The US budget deficit is declining faster than expected as the government collects more revenue from companies, households and the two mortgage companies it rescued in the financial crisis in the latest sign of the rebound of the world’s largest economy.
The brighter fiscal outlook comes as other advanced economies are struggling to reduce their deficits through drastic spending cuts and tax rises at a time of weak or negative growth. Growth figures to be released on Wednesday are expected to show that the 17-country eurozone contracted again.
New figures released by the non-partisan Congressional Budget Office showed the US budget deficit falling to $642bn, or 4 per cent of gross domestic product. >> Read More
- un named source on reuters
- says some market participants asked for BOJ to make jgb purchases in smaller instalments
seems like we have some news drifting out of that meeting
- says the BOJ will consider if there is a need to change amount of purchases for each jgb duration
After the Chinese markets closed, Fitch announced it was cutting China’s local currency long-term debt rating to A+ from AA-, with a stable outlook. The foreign currency debt rating was unchanged at A+, as Fitch cited its huge reserve holdings, which at the end of last year were near $3.4 trillion.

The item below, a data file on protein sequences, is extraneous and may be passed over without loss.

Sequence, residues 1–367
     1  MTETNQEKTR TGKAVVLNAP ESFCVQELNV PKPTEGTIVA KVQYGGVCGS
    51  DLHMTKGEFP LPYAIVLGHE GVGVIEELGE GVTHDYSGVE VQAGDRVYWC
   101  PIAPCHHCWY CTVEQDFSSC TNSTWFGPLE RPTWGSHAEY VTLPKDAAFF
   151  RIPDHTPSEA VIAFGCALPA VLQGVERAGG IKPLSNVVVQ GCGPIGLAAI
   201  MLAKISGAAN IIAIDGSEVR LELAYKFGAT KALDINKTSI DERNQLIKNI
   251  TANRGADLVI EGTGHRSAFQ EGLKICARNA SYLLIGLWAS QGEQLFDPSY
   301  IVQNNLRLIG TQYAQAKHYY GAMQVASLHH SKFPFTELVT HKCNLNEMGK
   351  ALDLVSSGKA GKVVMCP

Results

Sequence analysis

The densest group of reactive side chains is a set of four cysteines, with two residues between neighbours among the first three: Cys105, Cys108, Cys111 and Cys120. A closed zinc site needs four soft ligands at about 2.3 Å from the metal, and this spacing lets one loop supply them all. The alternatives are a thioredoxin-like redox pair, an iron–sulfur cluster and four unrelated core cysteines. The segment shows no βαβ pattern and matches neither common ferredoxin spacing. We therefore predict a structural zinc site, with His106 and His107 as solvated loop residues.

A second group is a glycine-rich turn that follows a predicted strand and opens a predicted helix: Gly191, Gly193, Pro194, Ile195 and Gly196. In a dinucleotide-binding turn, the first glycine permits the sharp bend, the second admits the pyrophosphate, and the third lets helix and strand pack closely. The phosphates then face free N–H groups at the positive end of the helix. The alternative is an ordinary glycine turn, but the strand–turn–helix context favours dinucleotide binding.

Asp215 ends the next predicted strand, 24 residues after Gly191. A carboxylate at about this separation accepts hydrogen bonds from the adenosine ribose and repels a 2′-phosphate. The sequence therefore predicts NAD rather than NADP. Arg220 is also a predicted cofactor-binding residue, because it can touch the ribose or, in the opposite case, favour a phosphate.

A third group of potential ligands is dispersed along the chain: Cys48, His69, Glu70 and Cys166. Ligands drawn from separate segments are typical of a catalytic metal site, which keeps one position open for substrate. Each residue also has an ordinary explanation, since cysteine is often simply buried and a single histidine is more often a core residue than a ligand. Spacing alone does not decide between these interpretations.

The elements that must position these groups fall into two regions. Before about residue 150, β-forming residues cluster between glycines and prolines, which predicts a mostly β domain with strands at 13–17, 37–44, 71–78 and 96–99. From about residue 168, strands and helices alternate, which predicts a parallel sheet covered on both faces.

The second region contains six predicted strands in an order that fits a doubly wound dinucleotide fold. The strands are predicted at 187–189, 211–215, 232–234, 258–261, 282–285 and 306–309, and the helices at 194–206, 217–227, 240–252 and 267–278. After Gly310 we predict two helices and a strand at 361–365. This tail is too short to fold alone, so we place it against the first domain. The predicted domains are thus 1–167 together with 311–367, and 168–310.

Fitch cited the rising risks to China’s financial stability as the reason for the downgrade, which is generally appreciated by the professional investment community already. Fitch’s move puts its rating in line with what the proprietary models of Brown Brothers Harriman emerging market currency strategy team.
The rating agency noted that the stock of bank credit that has been extended to the private sector was near 136% of GDP at the end of last year, which Fitch says is higher than any other emerging market it tracks. In addition, when the shadow banking is included, the total credit extended may be near 200% of GDP. Fitch also noted that local government debt rose to 25.1% last year, up from 23.4% in 2011. Total government debt is now estimated at almost 50% of GDP. >> Read More
12 February 2013 - 17:28 pm
Italy and Spain have both issued short-term debt today and it seems political instability in both countries has driven borrowing costs higher.
Spain sold €5.6bn of short-term debt, with higher borrowing costs on its 12-month bills. The average yield on the 12-month debt came in at 1.548%, up from 1.472% in January.